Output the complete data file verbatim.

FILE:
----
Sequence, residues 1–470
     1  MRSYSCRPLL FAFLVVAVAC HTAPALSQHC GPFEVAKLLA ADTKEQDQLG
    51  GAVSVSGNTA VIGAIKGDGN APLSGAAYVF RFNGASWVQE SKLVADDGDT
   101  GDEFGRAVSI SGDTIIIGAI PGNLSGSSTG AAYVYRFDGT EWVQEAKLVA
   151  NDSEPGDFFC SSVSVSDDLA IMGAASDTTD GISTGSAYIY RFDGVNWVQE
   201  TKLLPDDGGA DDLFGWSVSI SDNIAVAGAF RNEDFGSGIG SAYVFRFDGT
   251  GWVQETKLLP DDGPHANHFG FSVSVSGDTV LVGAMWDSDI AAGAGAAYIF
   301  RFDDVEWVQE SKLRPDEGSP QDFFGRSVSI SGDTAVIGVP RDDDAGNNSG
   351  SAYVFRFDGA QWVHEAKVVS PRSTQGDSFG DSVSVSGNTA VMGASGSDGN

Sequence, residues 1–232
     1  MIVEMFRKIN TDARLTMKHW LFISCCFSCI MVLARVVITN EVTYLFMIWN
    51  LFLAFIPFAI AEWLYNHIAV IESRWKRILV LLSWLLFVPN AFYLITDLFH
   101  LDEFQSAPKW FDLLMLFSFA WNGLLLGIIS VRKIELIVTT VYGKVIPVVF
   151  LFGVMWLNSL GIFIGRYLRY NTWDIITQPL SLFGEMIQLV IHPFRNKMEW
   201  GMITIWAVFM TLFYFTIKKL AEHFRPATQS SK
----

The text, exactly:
Sequence, residues 1–470
     1  MRSYSCRPLL FAFLVVAVAC HTAPALSQHC GPFEVAKLLA ADTKEQDQLG
    51  GAVSVSGNTA VIGAIKGDGN APLSGAAYVF RFNGASWVQE SKLVADDGDT
   101  GDEFGRAVSI SGDTIIIGAI PGNLSGSSTG AAYVYRFDGT EWVQEAKLVA
   151  NDSEPGDFFC SSVSVSDDLA IMGAASDTTD GISTGSAYIY RFDGVNWVQE
   201  TKLLPDDGGA DDLFGWSVSI SDNIAVAGAF RNEDFGSGIG SAYVFRFDGT
   251  GWVQETKLLP DDGPHANHFG FSVSVSGDTV LVGAMWDSDI AAGAGAAYIF
   301  RFDDVEWVQE SKLRPDEGSP QDFFGRSVSI SGDTAVIGVP RDDDAGNNSG
   351  SAYVFRFDGA QWVHEAKVVS PRSTQGDSFG DSVSVSGNTA VMGASGSDGN

Sequence, residues 1–232
     1  MIVEMFRKIN TDARLTMKHW LFISCCFSCI MVLARVVITN EVTYLFMIWN
    51  LFLAFIPFAI AEWLYNHIAV IESRWKRILV LLSWLLFVPN AFYLITDLFH
   101  LDEFQSAPKW FDLLMLFSFA WNGLLLGIIS VRKIELIVTT VYGKVIPVVF
   151  LFGVMWLNSL GIFIGRYLRY NTWDIITQPL SLFGEMIQLV IHPFRNKMEW
   201  GMITIWAVFM TLFYFTIKKL AEHFRPATQS SK